Access to health care, when we need it, is vital to us all – and ever more so as we age. An upside to better food, sanitation and housing is how our generation is living longer than previous ones, and has become less prone to acute life-threatening conditions. A corresponding downside to this benefit, is how our lifestyles, particularly not eating well and lack of exercise, are causing increasing numbers of us to have to deal with one, or more chronic conditions e.g. diabetes, heart failure, hypertension etc. New treatments are also turning the past scourge of many cancers into chronic conditions to live with, and not a death sentence.
Despite how we have changed, and how the manifestations of diseases that typically affect us have also changed, our health care system, which we rely upon to stay healthy, has not altered to the same degree. Often hospitals, with roots in having been a place of sanctuary, and still based on organizational principles from the industrial age, are maladapted to investigate, diagnose, manage and treat the chronic diseases that account for 75 percent of US health care expenditure and causes 70 percent of mortality. I believe ongoing challenges in preventing/reducing hospital readmissions/lengths of stay are symptoms of an underlying issue these legacy systems face in moving from “salvaging” those with disease to more effectively promoting health and wellness.
In this scenario, transformation is inevitable and new information and telecommunication technologies are game-changers; ones that can deliver just-in-time services across the continuum of care – affecting our susceptibility to chronic disease, and influencing decisions on whether, when and how to treat the various manifestations of these conditions. Innovative new technologies enable self-management and shared decision-making, actively engaging us in maintaining our health and in negotiating outcomes that match our preferences. Using such technology-associated strategies in combination with algorithms to risk-stratify remote monitoring data from people with chronic conditions is improving health and reducing hospitalizations.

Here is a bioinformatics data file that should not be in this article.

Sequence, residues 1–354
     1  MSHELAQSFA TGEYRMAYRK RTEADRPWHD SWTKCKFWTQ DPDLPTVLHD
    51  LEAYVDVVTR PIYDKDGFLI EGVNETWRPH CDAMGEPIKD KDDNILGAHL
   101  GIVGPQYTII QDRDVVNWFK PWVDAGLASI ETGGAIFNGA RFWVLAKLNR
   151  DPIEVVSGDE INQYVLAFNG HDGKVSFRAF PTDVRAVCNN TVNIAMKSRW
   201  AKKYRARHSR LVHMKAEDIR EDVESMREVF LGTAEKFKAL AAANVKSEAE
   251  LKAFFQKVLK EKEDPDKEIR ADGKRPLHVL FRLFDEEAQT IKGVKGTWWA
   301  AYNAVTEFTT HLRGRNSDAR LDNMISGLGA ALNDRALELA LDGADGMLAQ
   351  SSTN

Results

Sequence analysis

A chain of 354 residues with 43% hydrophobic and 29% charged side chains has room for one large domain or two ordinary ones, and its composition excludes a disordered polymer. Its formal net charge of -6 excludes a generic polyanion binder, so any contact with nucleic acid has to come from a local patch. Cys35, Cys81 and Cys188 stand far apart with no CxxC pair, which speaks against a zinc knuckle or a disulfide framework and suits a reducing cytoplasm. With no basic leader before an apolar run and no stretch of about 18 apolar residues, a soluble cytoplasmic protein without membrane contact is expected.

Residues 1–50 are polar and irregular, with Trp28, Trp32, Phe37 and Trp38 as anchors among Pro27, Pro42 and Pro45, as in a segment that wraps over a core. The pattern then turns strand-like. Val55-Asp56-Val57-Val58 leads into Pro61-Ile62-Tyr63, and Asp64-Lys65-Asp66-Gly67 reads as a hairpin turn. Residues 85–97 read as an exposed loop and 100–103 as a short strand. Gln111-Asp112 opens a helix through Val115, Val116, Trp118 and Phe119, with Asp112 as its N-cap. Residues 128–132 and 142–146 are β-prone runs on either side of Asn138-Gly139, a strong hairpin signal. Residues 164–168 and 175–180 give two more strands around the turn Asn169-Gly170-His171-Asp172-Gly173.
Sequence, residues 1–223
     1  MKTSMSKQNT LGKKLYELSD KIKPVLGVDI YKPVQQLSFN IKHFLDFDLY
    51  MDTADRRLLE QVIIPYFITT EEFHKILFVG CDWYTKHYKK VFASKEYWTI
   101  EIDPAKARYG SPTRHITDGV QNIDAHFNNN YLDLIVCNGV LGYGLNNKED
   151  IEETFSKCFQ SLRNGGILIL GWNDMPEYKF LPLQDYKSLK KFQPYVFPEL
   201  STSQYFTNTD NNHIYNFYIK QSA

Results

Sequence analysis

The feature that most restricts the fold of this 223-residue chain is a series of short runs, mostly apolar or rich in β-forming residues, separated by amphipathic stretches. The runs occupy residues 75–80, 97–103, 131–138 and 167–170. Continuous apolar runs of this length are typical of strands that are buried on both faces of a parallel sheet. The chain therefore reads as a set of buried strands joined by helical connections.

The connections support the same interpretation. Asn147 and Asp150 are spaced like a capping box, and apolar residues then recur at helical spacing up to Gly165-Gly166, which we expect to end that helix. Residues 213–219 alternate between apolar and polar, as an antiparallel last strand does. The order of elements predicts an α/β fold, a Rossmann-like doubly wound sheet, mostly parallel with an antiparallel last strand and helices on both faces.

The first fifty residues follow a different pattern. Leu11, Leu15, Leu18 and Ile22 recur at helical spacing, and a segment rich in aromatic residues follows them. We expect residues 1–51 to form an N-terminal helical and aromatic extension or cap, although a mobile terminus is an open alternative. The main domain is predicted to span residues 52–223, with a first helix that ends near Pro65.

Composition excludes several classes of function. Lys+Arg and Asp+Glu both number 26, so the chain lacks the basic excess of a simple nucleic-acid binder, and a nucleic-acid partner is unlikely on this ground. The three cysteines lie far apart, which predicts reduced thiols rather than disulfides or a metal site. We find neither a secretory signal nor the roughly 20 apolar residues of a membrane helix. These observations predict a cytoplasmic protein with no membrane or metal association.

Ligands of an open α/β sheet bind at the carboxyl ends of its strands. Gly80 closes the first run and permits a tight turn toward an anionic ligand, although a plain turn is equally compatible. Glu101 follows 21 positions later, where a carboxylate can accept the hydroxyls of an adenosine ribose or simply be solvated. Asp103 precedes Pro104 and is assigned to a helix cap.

In the midst of this transformative change, we need a compass to ensure we are headed in the right direction. In this respect health care is, and always has been, about relationships. As various providers, payers and new intermediaries are engaging with us about our health, connected care is not just about bits and bytes of data, or streaming results of physiological variables, it is about communication and connection. As it becomes virtual, as well as physical, the health care system must still touch us.